The anti-immigrant policies of Pete Wilson and the GOP in the 90s pretty much knocked out the party in California, no? Yes, they took the governorship in this decade, but that was probably based more on Schwarzenegger’s celebrity status rather than the fact that he is a Republican…and as their stance on immigration hasn’t changed all that much, I find it hard to believe that the GOP will be able to do much of anything in California anytime soon…

  9. Tlaloc says:

    The last time the GOP took California was 1988 during Dukakis’ incredibly bad run for president. The GOP was coming off of the quite popular Reagan presidency and pappy Bush nearly swept the electoral college. Despite that California was still the sixth closest race with Bush winning it by less than 4%.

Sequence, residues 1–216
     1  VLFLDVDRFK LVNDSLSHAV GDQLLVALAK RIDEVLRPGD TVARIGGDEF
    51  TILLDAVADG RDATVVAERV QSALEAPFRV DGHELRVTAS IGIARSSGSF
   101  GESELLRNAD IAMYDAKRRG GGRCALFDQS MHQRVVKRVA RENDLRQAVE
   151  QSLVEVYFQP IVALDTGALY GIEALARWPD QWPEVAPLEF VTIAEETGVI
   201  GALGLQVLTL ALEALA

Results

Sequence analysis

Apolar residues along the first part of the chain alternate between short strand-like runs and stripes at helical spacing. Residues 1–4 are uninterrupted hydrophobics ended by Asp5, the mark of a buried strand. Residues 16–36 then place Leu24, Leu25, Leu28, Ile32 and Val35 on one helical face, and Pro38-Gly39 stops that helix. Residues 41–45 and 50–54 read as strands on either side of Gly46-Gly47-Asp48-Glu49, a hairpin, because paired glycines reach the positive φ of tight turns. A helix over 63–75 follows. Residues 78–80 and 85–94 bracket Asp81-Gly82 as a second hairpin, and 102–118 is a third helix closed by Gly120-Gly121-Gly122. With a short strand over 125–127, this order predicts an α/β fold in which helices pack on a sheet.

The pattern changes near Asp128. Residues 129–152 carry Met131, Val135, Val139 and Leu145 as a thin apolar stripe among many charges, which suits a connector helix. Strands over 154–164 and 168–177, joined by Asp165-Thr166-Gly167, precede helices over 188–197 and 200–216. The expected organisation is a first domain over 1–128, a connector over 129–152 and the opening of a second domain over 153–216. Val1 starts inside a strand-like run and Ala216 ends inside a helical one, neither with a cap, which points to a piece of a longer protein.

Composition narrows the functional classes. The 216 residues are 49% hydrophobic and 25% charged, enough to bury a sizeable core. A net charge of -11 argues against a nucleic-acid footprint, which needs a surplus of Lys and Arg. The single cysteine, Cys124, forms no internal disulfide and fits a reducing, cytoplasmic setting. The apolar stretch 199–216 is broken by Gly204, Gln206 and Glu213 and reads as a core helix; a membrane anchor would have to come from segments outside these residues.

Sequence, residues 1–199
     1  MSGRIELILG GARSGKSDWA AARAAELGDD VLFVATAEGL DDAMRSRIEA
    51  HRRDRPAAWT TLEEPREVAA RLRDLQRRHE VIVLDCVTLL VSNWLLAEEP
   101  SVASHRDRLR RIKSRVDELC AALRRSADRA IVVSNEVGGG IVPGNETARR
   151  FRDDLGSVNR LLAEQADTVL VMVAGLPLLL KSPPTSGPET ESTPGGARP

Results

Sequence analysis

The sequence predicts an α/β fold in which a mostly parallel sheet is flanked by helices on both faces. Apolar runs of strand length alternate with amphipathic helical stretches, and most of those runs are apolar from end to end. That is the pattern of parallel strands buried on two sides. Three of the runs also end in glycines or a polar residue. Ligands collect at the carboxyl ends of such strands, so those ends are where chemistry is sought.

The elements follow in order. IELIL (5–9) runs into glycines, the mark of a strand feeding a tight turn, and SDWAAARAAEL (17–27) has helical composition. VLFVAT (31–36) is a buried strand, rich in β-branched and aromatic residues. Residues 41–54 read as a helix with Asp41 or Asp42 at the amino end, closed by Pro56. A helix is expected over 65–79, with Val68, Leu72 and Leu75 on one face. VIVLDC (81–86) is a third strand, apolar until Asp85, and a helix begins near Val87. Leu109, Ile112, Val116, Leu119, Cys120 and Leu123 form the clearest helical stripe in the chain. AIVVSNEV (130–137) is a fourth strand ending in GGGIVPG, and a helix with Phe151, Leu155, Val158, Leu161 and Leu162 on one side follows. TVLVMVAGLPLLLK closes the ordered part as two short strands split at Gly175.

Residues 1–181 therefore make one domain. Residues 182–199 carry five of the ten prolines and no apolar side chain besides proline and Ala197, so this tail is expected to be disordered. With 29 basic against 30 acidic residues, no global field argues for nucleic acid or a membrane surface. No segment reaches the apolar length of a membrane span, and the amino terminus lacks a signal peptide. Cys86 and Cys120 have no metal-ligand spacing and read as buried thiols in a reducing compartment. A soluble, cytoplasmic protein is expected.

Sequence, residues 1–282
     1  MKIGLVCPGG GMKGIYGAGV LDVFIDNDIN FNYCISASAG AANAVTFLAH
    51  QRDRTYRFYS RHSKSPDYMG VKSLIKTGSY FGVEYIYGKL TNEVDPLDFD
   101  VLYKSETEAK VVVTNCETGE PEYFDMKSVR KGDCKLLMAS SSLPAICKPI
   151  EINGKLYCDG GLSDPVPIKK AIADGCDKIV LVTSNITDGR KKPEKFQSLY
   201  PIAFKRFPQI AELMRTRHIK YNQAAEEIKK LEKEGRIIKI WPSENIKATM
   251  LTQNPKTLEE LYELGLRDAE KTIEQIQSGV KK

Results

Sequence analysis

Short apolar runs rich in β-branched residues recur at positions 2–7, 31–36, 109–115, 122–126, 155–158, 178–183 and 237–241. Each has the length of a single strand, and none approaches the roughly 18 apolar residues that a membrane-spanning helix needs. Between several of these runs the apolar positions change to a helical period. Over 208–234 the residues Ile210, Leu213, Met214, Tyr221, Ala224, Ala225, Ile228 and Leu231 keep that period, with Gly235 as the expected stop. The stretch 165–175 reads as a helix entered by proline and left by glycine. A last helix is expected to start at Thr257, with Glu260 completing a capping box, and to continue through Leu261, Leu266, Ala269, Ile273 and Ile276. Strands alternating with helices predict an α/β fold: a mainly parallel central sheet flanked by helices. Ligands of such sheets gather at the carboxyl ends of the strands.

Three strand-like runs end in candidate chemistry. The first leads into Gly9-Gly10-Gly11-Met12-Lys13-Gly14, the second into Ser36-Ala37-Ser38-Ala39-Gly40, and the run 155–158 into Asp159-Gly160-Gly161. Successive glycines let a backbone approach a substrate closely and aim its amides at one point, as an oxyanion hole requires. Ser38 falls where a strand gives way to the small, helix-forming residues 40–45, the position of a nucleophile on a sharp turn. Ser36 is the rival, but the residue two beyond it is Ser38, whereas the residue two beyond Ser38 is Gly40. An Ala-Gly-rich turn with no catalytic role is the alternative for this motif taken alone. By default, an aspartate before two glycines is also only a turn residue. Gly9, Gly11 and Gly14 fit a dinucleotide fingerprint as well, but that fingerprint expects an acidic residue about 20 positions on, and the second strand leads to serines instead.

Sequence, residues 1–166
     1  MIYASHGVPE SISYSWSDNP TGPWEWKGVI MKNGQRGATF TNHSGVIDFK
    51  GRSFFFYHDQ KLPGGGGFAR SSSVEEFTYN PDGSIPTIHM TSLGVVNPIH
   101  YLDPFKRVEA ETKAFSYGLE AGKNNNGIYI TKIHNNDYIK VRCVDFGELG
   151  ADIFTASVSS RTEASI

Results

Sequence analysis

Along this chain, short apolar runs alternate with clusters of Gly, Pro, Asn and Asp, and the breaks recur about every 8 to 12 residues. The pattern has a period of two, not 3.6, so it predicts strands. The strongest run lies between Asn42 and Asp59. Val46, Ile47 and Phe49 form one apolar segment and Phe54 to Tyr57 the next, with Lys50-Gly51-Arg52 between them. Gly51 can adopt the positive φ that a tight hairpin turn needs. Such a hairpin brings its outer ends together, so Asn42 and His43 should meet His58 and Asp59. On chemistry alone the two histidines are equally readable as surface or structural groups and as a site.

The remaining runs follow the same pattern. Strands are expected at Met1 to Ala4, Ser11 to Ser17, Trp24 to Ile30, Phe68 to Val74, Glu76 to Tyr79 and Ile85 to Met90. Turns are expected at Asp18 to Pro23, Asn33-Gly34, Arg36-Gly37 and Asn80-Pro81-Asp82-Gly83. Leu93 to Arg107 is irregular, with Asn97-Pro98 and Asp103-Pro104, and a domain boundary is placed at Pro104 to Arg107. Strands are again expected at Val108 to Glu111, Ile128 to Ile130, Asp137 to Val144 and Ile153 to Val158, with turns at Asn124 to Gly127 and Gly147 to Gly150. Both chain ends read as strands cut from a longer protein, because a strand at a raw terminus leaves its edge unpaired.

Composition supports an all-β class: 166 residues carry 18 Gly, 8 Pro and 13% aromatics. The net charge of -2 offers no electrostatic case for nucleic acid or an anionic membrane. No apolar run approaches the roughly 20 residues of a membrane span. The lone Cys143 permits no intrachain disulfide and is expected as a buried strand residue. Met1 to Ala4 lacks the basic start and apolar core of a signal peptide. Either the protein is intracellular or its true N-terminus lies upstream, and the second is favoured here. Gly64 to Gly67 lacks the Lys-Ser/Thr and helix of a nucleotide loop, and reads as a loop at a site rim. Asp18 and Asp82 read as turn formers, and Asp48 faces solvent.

In 2012 the GOP is still going to be trying to recover their brand identity and may very well be facing more bruising interparty fighting. Plus the demographics stuff. It’s a lot more likely the Dems will take Texas than that the GOP will take Cali (and I consider a blue Tx pretty unlikely).

  10. just me says:

    I think he would still like to be president, but I also wonder if he may not be looking at the senate seat Gregg is vacating.